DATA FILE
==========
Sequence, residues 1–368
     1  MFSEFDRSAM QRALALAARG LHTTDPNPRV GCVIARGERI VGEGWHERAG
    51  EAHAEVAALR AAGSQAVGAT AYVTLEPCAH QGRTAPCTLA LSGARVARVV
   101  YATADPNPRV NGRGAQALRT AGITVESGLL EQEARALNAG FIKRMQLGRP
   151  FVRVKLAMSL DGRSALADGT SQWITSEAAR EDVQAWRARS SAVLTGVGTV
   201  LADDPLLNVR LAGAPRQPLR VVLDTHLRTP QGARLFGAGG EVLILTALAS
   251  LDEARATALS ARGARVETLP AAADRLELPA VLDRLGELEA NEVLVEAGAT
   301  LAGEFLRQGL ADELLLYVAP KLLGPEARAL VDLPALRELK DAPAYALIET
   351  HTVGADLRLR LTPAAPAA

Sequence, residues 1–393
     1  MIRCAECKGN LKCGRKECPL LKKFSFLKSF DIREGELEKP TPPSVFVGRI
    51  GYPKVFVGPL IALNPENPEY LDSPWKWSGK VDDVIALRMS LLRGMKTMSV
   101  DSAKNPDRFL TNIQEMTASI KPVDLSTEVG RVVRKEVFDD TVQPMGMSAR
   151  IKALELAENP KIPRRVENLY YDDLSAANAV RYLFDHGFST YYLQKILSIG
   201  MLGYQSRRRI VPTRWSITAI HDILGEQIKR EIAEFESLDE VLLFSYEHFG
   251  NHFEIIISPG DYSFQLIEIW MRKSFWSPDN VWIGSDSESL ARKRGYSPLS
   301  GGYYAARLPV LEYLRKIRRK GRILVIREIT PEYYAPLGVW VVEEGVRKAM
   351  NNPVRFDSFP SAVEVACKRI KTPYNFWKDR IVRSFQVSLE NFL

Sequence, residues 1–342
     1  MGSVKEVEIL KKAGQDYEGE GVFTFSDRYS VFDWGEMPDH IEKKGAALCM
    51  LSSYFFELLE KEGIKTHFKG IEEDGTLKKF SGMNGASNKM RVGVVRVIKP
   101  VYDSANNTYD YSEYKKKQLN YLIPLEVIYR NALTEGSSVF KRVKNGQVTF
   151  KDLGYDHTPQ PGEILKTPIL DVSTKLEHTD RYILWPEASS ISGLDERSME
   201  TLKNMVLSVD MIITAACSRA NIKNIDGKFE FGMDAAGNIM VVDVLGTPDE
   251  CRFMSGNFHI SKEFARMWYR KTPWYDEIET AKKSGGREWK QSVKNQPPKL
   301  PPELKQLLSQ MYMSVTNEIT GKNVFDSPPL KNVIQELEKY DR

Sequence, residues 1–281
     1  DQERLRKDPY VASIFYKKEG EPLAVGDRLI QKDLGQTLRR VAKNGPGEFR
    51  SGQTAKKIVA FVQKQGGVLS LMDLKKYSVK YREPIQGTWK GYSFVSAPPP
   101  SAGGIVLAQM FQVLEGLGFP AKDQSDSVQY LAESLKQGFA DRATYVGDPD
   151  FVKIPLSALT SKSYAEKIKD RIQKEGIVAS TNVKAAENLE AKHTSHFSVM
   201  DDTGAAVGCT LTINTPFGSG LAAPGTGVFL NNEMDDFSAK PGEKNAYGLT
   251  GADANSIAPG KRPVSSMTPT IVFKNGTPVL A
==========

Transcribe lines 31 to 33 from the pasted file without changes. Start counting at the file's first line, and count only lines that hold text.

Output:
   151  FVKIPLSALT SKSYAEKIKD RIQKEGIVAS TNVKAAENLE AKHTSHFSVM
   201  DDTGAAVGCT LTINTPFGSG LAAPGTGVFL NNEMDDFSAK PGEKNAYGLT
   251  GADANSIAPG KRPVSSMTPT IVFKNGTPVL A